US 20070297656 A1 Abstract Methods are provided for iteratively reconstructing an image signal to generate a reconstructed image signal. In one embodiment, sub-iterations of each iteration are performed on pixel subsets. The pixel subsets may be composed of pixels neighboring or spatially separated pixel. In a further embodiment, each iteration is performed at a different resolution. Systems and computer routines for processing image data iteratively in accordance with these techniques are also provided.
Claims(25) 1. A method for processing image data, comprising the steps of:
providing an image comprising two or more subsets of pixels; and directly inverting a respective Hessian matrix corresponding to each subset of pixels such that the pixels of each subset are simultaneously optimized with regard to a cost function. 2. The method of 3. The method of 4. The method of 5. The method of 6. The method of 7. The method of 8. The method of 9-20. (canceled)21. One or more computer-readable media, comprising:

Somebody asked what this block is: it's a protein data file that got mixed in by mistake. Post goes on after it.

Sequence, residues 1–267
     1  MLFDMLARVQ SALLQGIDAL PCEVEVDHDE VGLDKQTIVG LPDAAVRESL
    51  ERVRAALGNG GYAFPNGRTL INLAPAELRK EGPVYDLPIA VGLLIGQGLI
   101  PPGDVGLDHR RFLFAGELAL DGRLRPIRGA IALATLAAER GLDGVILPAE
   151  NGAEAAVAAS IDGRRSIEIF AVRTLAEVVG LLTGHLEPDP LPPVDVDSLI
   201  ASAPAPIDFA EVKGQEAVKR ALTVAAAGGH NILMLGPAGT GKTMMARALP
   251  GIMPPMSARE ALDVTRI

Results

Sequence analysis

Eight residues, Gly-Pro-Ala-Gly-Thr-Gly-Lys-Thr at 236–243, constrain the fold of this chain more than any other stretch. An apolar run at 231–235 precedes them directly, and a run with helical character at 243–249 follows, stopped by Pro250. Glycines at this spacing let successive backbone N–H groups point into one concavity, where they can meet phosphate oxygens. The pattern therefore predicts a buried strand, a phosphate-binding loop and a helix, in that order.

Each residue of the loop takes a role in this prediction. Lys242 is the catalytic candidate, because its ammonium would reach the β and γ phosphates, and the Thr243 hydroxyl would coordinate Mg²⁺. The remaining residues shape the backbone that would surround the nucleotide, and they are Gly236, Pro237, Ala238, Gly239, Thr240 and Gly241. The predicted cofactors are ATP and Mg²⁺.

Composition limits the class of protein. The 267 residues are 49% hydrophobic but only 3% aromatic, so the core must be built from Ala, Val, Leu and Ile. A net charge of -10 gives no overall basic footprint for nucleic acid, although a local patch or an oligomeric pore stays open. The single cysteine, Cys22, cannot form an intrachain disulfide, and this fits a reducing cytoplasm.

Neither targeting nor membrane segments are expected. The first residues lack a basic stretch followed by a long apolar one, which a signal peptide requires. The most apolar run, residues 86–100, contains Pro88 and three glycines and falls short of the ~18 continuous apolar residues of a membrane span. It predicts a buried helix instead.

a routine configured to provide an image comprising two or more subsets of pixels; and a routine configured to directly invert a respective Hessian matrix corresponding to each subset of pixels such that the pixels of each subset are simultaneously optimized with regard to a cost function. 22. The one or more computer-readable media of 23. The one or more computer-readable media of 24. The one or more computer-readable media of 25. The one or more computer-readable media of 26. The one or more computer-readable media of 27. The one or more computer-readable media of 28-39. (canceled)40. A tomographic imaging system, comprising: